Italian film star Gina Lollobrigida, who achieved international film stardom during the 1950s and was dubbed “the most beautiful woman in the world” after the title of one her movies, died in Rome on Monday, her agent said. She was 95.
The agent, Paola Comin, didn’t provide details. But Lollobrigida had surgery in September to repair a thigh bone broken in a fall. She returned home and said she had quickly resumed walking.
A drawn portrait of the diva graced a 1954 cover of Time magazine, which in an article about Italian movie-making likened her to a “goddess.” More than a half-century later, Lollobrigida still turned heads with a head full of auburn curly hair and her statuesque figure.
“Lollo,” as she was lovingly nicknamed by Italians, began making movies in Italy just after the end of World War II, as the country began to promote on the big screen a stereotypical concept of Mediterranean beauty as buxom and brunette.
Besides “The World’s Most Beautiful Woman” in 1955, career highlights included Golden Globe-winner “Come September,” with Rock Hudson; “Trapeze;” “Beat the Devil,” a 1953 John Huston film starring Humphrey Bogart and Jennifer Jones; and “Buona Sera, Mrs. Campbell,” which won Lollobrigida Italy’s top movie award, a David di Donatello, as best actress in 1969.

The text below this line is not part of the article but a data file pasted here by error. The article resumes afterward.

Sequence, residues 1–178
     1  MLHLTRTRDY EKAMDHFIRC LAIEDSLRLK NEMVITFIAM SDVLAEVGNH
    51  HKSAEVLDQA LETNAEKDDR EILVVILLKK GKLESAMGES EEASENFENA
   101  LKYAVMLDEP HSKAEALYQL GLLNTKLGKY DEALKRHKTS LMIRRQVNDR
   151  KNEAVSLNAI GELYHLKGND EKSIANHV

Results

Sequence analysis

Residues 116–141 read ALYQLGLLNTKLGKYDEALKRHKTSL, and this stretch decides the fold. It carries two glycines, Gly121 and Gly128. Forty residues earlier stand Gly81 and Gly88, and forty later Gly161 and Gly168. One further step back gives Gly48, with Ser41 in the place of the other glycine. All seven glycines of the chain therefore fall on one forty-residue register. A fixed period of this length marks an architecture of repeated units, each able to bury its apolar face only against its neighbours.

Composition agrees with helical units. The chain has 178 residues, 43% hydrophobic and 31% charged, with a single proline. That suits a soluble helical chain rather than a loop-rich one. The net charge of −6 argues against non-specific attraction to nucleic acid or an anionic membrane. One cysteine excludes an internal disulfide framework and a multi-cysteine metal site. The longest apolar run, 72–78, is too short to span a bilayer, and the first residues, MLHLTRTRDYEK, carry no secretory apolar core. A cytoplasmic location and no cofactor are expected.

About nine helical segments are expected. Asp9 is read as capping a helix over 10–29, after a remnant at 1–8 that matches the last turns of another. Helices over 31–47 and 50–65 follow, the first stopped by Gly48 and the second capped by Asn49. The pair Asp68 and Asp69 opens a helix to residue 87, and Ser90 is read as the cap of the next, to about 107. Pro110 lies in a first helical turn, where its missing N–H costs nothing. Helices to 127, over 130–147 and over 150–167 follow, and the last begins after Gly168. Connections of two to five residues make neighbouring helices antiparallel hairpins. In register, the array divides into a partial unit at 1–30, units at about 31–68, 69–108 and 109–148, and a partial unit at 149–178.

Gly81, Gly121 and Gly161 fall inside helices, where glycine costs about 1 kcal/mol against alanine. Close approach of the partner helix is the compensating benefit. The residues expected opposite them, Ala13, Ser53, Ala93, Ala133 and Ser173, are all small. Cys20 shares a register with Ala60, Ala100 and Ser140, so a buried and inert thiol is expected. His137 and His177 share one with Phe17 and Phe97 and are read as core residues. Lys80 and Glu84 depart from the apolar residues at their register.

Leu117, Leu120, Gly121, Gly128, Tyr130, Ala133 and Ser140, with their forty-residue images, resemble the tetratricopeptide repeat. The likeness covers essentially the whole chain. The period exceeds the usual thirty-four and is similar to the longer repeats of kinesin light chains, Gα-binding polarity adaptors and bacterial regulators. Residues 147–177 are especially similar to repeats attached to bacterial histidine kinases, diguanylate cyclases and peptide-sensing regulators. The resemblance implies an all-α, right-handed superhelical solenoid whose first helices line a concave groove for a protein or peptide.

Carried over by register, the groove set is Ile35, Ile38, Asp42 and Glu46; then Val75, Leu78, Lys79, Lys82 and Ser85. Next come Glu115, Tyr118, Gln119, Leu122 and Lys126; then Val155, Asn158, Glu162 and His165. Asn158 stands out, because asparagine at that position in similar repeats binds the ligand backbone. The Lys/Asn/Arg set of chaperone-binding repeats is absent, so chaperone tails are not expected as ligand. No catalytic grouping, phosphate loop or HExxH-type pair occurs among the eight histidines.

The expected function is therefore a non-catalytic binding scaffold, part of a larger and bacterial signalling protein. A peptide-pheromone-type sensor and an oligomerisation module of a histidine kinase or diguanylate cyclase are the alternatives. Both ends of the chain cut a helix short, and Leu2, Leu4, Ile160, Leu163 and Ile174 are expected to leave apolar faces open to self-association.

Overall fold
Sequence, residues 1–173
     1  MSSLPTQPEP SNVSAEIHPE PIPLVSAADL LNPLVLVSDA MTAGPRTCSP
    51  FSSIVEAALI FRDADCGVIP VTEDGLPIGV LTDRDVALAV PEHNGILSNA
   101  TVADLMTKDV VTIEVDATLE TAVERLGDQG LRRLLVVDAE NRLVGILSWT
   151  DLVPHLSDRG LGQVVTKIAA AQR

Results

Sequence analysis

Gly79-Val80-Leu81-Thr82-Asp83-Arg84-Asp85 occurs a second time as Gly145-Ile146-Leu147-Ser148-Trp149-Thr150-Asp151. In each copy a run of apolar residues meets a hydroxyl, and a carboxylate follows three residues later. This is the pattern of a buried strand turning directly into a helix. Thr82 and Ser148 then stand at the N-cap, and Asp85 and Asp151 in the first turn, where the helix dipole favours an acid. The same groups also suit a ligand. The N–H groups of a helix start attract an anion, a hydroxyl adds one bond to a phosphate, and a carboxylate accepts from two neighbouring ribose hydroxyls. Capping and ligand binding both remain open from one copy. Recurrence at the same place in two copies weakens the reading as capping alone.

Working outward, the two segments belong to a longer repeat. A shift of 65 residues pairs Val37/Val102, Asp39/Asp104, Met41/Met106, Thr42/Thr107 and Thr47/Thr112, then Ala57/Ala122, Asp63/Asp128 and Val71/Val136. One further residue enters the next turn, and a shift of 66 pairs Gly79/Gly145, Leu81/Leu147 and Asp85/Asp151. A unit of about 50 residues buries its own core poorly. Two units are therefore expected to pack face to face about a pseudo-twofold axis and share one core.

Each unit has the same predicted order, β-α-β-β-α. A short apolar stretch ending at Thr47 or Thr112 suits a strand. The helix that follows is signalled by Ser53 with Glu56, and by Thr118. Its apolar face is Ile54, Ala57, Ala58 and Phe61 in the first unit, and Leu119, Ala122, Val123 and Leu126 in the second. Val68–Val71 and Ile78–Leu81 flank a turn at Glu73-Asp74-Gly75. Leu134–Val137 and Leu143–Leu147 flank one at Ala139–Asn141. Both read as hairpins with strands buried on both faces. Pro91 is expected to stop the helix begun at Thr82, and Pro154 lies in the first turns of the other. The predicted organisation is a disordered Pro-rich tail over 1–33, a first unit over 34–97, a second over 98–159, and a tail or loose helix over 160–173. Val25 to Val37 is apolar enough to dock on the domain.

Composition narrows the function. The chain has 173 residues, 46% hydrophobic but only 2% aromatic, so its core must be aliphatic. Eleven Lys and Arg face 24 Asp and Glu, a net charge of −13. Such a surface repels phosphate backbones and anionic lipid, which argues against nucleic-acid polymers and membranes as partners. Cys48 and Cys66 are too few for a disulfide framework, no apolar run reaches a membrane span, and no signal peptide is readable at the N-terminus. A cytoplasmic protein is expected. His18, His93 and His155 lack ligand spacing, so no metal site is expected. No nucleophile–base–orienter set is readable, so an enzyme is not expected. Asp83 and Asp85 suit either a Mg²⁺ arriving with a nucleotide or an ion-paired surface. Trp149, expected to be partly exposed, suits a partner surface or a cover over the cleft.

In Italy, she worked with some of the country’s top directors following the war, including Mario Monicelli, Luigi Comencini, Pietro Germi and Vittorio De Sica.
Two of her more popular films at home were Comencini’s “Pane Amore Fantasia” (Bread Love Fantasy) in 1953, and the sequel a year later, “Pane Amore Gelosia” (Bread Love Jealousy). In each of them, her male foil was Vittorio Gassman, one of Italy’s most leading men on the screen.
Lollobrigida began her career in beauty contests, posing for the covers of magazines and brief appearances in minor films. But her sexy image quickly propelled her to roles in major Italian and international movies.
While Lollobrigida played some dramatic roles, her characters were most popular in lighthearted comedies, like the “Bread Love” movies.
Lollobrigida also was an accomplished sculptor, painter and photographer, and eventually essentially dropped film for the fine arts. With her camera, she roamed the world from what was then the Soviet Union to Australia.
In 1974, Fidel Castro hosted her as a guest in Cuba for 12 days as she worked on a photo reportage.
She was born on July 4, 1927 in Subiaco, a picturesque hill town near Rome, where her father was a furniture maker.